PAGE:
David Balfour, Second Part eBook

This eBook from the Gutenberg Project consists of approximately 374 pages of information about David Balfour, Second Part.

“Ay,” said he, “that’s grand for you.  But where do I come in?  I have my word to redeem the same’s yoursel’.  And what are ye asking me to do, but just to sell it ye for siller?”

“Andie! have I named the name of siller?” cried I.

“Ou, the name’s naething,” said he; “the thing is there, whatever.  It just comes to this; if I am to service ye the way that you propose, I’ll loss my lieihood.  Then it’s clear ye’ll have to make it up to me, and a pickle mair, for your ain credit like.  And what’s that but just a bribe?  And if even I was certain of the bribe!  But by a’ that I can learn, it’s far frae that; and if you were to hang, where would I be?  Na:  the thing’s no possible.  And just awa’ wi’ ye like a bonny lad! and let Andie read his chapter.”

I remember I was at bottom a good deal gratified with this result; and the next humour I fell into was one (I had near said) of gratitude to Prestongrange, who had saved me, in this violent, illegal manner, out of the midst of my dangers, temptations, and perplexities.  But this was both too flimsy and too cowardly to last me long, and the remembrance of James began to succeed to the possession of my spirits.  The 21st, the day set for the trial, I passed in such misery of mind as I can scarce recall to have endured, save perhaps upon Isle Earraid only.  Much of the time I lay on a braeside betwixt sleep and waking, my body motionless, my mind full of violent thoughts.  Sometimes I slept indeed; but the court-house of Inverary and the prisoner glancing on all sides to find his missing witness, followed me in slumber; and I would wake again with a start to darkness of spirit and distress of body.  I thought Andie seemed to observe me, but I paid him little heed.  Verily, my bread was bitter to me, and my days a burthen.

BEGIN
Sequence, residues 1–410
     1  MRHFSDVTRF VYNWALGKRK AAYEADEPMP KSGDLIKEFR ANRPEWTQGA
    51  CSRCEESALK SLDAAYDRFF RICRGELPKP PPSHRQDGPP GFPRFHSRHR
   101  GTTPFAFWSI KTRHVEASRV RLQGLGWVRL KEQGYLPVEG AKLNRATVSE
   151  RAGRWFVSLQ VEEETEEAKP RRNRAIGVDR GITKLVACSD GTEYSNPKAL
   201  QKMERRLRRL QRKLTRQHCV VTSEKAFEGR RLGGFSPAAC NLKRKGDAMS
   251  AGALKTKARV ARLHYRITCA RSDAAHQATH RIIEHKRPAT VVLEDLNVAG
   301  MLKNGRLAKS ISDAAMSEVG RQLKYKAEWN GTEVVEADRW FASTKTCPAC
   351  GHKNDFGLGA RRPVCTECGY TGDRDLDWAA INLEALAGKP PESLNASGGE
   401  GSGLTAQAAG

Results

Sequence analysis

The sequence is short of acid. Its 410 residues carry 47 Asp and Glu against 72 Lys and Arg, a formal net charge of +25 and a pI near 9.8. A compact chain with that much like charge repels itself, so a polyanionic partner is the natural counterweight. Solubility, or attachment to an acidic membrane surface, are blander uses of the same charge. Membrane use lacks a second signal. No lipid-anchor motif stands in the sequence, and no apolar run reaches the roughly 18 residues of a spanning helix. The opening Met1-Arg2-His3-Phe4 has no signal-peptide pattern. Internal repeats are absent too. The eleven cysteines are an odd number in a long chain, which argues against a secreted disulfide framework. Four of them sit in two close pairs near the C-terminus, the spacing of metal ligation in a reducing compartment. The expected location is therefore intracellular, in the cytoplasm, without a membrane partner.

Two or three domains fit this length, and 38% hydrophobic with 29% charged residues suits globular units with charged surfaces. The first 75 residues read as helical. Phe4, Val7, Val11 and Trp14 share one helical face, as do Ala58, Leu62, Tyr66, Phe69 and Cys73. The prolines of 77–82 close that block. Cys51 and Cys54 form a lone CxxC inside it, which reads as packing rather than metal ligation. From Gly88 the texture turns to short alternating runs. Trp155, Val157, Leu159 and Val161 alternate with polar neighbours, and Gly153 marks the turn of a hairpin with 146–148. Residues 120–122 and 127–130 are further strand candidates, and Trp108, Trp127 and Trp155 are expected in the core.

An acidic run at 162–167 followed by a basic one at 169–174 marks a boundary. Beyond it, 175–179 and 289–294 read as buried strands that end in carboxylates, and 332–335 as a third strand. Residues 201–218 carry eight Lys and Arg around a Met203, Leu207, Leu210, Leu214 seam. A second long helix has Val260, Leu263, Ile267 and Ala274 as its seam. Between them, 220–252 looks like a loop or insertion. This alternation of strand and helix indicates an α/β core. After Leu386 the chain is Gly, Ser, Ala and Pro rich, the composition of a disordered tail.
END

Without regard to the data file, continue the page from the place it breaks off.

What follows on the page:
Early the next morning (Friday, 22nd) a boat came with provisions, and Andie placed a packet in my hand.  The cover was without address but sealed with a Government seal.  It enclosed two notes.  “Mr. Balfour can now see for himself it is too late to meddle.  His conduct will be observed and his discretion rewarded.”  So ran the first, which seemed to be laboriously writ with the left hand.  There was certainly nothing in these expressions to compromise the writer, even if that person could be found; the seal, which formidably served instead of signature, was affixed to a separate sheet on which there was no scratch of writing; and I had to confess that (so far) my adversaries knew what they were doing, and to digest as well as I was able the threat that peeped under the promise.

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David Balfour, Second Part from Project Gutenberg. Public domain.
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